SAN FRANCISCO – This All-Star Game was worth the 23-year wait.
For much of the day, it felt like the much-hyped yet relaxed event it usually is. But in the ninth inning, it suddenly became a game.
After eight seasons as a partial Giants season ticket holder, I know what it feels like when the entire park gets on edge, sensing either a comeback or a disastrous blowup. And last Tuesday night, the packed house reached the same manic pitch as it does in the regular season.
National League fans of all stripes banded together, screaming for American League blood as the Cubs’ Alfonso Soriano blasted a pitch from Michigan alum and Seattle closer J.J. Putz into the jammed right-field promenade. Junior circuit aficionados – including the largest contingent of Tigers fans outside of Detroit I’ ever seen – abruptly realized their league’s longtime domination was in serious jeopardy.
“I wonder what those crazy people who left early are thinking now!” yelled Andre Lopez, a fellow Giants regular, an unmistakable note of glee undercutting his agonized shouts to the National League batters.
Even though the “hometown” National Leaguers eventually fell (with Albert Pujols and Ryan Howard still riding the pine), the jolt that had gripped San Francisco for a week remained.
It had been clear in the smiles all around FanFest – really, who can help smiling when she’s watching Billy and Cal Ripken needle each other mercilessly like two 9-year-olds? Outside the ballpark, people grabbed wandering mascots in enthusiastic hugs and yelled greetings to strangers wearing the same team colors.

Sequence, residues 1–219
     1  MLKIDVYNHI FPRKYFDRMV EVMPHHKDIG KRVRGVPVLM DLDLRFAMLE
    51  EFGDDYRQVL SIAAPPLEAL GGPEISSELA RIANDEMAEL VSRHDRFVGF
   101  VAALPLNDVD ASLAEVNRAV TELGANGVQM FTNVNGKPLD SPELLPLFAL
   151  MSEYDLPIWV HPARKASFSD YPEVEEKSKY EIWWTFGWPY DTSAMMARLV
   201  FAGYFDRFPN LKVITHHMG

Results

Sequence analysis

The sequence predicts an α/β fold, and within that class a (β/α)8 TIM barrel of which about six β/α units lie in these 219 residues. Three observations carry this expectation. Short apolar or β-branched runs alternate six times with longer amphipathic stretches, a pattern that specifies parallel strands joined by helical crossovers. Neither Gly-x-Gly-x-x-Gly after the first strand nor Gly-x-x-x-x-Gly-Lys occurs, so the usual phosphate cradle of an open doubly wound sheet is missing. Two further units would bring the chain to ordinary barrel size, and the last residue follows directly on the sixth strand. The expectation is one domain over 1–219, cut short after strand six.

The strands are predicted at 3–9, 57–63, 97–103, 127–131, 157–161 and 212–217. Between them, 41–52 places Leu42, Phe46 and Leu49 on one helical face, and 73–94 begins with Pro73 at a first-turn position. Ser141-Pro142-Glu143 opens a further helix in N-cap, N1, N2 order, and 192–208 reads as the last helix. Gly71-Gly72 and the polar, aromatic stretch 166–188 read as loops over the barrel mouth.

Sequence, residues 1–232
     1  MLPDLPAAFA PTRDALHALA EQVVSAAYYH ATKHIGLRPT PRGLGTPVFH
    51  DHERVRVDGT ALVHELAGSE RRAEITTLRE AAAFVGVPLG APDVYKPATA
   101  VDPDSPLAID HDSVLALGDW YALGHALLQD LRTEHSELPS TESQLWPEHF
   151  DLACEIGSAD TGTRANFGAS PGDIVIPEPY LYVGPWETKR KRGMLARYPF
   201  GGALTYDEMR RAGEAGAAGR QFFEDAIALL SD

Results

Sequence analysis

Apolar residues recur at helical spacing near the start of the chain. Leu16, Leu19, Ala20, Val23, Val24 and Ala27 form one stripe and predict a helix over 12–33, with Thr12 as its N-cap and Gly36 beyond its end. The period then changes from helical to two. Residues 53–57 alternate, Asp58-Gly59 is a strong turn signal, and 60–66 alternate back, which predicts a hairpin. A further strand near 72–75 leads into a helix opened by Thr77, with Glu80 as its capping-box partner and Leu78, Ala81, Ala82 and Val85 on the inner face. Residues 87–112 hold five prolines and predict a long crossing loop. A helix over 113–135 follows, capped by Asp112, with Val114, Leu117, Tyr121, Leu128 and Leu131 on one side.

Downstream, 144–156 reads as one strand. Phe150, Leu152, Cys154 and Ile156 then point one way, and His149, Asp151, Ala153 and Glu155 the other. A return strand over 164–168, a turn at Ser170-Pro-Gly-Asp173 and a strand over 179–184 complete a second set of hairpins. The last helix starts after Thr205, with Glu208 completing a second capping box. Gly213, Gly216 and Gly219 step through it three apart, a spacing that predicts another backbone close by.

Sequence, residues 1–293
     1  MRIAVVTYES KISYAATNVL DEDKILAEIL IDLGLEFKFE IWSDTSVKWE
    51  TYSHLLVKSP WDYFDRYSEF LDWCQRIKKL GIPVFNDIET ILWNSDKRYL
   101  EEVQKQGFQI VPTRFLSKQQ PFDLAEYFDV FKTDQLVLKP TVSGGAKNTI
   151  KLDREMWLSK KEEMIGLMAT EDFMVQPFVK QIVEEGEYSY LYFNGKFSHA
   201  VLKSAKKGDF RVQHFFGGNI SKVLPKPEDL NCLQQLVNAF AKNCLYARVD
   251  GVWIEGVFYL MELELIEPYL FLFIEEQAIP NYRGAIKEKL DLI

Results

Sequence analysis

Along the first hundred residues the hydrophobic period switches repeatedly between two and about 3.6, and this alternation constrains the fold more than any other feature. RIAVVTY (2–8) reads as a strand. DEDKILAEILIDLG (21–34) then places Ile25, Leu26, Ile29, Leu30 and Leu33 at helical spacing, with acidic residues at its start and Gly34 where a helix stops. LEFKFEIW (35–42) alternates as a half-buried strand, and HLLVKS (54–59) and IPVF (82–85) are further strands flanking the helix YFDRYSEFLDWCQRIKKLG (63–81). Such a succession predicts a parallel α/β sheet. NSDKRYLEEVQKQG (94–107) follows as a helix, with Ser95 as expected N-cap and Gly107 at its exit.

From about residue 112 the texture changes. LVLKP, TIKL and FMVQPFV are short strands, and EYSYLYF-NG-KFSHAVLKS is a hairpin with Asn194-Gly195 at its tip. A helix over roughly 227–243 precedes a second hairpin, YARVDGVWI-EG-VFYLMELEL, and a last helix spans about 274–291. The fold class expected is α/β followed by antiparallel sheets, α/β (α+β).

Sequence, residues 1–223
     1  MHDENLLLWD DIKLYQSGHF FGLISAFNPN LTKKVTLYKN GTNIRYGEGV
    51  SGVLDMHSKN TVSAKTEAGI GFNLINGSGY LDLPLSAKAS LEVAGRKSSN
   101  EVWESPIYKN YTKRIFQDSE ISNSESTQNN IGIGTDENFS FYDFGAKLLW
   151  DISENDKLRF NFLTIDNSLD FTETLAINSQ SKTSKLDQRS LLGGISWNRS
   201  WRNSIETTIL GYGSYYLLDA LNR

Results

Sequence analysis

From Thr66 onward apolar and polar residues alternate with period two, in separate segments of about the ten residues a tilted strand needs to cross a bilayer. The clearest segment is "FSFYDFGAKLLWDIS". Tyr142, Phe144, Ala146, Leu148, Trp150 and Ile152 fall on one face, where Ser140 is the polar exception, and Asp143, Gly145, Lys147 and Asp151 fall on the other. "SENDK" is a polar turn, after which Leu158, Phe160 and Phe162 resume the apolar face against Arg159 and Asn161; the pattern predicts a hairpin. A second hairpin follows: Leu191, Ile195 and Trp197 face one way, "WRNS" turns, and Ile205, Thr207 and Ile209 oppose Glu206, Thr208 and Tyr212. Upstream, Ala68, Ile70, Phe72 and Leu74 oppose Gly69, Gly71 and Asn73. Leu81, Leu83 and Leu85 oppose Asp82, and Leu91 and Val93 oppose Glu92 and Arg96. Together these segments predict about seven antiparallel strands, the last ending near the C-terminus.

Inside, Pudge Rodriguez’s son, Dereck, melted the hearts of the early-arriving crowd as he babysat Victor Martinez’s tiny son.
Barry Bonds basked in the kind of sustained, loving ovation he can enjoy nowhere else in the country.
And Giants hero Willie Mays was honored in a touching ceremony. A huge green sheet fell away from a gigantic blowup in center field of Mays making “The Catch” at the Polo Ground as Mays entered through a double row of All-Stars. His godson, Bonds, helped him into a 1958 Cadillac, and he circled the field slowly to thunderous cheers, tossing baseballs to the adoring crowd.
Then came the game, which was highlighted by Ichiro’s inside-the-park homer. Regulars to 24 Willie Mays Plaza expected a triple – after all, he’d hit the ball to the part of the yard known to all as “Triples Alley.” But the swift Mariner hit third, and showed no sign of slowing, scoring well ahead of the futile throw.
No matter how many times Bud Selig says “This one counts,” it’s not up to him. He can’t force it to be true.
But last Tuesday in San Francisco, as the fans exulted in an inarguably superior game, it was.